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Old 09-24-2012, 12:07 AM   #1 (permalink)
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Default Melatonin for my senior?

Hi everyone,

This is my first time posting, although I've visited and read the senior forum many times before. This is a wonderful place for support and help.

I'm wondering if anyone here has any advice on giving a senior Melatonin to help them calm down at night. Our 13 year old WGSD/Malamute mix has always been a VERY active girl. Which has kept us active, too! The problem is, now that our baby is 13, she's not able to get the amount of activity that she's used to and that she craves. She still is quite active, though, with 3-4 slowish walks per day (sometimes she'll even feel good enough for a little trot). We walk her in different parks and neighborhoods each time, so that she has "new" smells and things to see each walk. She also gets the added bonus of her nose out the car window as we drive to our destination. We also play games with her (hide the treat, guess which hand the food is in, etc.) for mental stimulation. We wrestle with her, and let her lay in the front yard (leashed) to watch the neighborhood activity. She also goes on errands with us most days. There's more, too, but I could type forever listing all we do with her. Over all, she has HOURS of activity, but still has trouble settling down at night.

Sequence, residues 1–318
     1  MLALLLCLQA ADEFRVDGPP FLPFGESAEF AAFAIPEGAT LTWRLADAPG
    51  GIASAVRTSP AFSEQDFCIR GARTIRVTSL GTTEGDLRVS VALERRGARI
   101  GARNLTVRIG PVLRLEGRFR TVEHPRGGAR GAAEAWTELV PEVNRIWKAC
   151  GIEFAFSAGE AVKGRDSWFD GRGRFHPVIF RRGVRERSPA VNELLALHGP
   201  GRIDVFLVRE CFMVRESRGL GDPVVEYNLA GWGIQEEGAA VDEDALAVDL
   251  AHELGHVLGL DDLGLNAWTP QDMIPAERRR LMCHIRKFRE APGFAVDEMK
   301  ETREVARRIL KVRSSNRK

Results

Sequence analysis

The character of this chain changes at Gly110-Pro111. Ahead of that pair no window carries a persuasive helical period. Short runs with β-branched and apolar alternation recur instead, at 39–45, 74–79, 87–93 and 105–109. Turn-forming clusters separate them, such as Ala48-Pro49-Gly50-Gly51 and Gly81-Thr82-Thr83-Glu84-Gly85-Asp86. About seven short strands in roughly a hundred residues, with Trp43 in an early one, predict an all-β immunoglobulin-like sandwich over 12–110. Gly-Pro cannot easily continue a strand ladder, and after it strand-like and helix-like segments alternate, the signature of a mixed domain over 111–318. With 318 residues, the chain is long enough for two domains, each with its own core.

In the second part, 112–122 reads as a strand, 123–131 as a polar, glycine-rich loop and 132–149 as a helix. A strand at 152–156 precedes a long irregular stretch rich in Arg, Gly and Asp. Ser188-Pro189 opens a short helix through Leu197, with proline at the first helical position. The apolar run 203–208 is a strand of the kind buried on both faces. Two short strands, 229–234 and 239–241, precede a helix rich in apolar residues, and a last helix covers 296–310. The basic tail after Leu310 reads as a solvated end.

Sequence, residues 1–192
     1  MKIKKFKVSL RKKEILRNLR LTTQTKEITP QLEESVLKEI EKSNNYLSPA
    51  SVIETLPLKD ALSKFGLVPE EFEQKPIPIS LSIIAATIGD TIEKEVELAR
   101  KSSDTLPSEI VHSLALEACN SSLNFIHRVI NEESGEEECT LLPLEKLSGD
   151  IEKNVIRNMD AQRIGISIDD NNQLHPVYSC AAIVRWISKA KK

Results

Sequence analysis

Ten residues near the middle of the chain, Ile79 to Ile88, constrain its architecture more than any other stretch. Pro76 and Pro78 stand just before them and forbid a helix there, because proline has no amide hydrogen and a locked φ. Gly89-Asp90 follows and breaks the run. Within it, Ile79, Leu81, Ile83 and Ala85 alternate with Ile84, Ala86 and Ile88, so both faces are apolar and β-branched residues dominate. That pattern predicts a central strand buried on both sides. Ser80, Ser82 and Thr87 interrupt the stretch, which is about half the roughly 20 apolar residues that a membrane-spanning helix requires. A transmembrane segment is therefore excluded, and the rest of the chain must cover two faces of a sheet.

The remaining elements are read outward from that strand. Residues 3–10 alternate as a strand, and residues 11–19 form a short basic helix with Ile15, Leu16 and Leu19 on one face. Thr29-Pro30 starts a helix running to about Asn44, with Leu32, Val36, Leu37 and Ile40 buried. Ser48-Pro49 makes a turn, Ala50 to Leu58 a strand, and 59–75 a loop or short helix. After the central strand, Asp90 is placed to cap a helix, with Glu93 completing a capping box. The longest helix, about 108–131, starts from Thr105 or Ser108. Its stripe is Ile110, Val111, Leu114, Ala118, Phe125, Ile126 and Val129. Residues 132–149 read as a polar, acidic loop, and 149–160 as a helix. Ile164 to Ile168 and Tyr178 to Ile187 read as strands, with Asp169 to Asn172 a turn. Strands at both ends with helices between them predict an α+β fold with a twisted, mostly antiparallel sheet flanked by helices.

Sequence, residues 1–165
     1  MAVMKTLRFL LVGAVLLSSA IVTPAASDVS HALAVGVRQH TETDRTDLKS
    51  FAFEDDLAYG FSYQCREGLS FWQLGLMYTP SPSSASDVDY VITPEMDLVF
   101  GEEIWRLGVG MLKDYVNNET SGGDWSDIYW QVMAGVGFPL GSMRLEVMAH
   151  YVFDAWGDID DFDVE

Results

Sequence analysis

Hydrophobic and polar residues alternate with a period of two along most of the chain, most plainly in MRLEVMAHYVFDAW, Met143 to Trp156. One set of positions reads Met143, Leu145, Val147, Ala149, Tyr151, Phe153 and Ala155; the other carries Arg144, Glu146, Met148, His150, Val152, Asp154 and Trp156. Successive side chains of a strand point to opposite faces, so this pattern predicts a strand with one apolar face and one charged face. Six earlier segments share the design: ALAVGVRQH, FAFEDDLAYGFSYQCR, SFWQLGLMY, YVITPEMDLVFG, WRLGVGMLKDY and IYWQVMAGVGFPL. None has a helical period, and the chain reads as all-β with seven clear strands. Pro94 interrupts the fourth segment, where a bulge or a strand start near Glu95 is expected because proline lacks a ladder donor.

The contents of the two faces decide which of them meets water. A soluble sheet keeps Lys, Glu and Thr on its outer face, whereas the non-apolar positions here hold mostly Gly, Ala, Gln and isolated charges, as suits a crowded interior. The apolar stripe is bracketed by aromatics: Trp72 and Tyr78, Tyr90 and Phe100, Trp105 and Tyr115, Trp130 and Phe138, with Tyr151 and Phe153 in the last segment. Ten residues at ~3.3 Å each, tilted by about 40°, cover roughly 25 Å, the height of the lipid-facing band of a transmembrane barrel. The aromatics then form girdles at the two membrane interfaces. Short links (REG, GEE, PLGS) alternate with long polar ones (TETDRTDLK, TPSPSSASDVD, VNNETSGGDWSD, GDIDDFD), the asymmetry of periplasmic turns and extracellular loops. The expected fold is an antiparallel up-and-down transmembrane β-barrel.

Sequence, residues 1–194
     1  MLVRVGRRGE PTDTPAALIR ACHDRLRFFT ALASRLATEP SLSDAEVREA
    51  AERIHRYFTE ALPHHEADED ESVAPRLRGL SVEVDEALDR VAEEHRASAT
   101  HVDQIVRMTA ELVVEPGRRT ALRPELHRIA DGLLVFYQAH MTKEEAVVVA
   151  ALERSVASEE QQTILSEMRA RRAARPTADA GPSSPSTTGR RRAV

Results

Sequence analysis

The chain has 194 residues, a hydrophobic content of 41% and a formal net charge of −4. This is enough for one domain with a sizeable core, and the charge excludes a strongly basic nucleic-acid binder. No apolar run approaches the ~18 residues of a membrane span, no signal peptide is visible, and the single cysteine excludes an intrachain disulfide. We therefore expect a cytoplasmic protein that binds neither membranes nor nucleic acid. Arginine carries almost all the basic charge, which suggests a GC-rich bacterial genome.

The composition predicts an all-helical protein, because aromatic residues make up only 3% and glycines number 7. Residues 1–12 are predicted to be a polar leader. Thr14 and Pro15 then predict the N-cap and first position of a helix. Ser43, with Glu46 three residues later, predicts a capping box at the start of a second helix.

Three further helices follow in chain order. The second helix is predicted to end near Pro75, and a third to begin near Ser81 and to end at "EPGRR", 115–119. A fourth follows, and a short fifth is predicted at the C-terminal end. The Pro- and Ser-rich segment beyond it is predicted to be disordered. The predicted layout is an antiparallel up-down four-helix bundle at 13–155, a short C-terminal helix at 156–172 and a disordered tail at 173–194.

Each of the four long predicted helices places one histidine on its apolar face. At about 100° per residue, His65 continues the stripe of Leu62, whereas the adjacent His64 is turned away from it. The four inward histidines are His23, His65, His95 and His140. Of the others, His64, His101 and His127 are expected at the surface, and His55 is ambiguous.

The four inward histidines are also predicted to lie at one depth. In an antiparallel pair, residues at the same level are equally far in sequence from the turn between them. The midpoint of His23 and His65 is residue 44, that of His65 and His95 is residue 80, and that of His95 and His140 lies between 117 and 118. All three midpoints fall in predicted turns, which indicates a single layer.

She's on Rimadyl for pain (she has some arthritis and has had a TPLO on each knee when she was about 2 or 3).

I've searched the internet for advice, and all I can find is that dogs who are restless at night might be in pain or discomfort. Being on Rimadyl, and not seeing any other signs of distress, and our vet not seeing anything wrong overall, I don't think she's in any pain. I truly think she just doesn't quite know how to relax unless she's absolutely exhausted. She's not a big snuggler, so it's rare for her to allow me to just sit next to her and stroke her to sleep.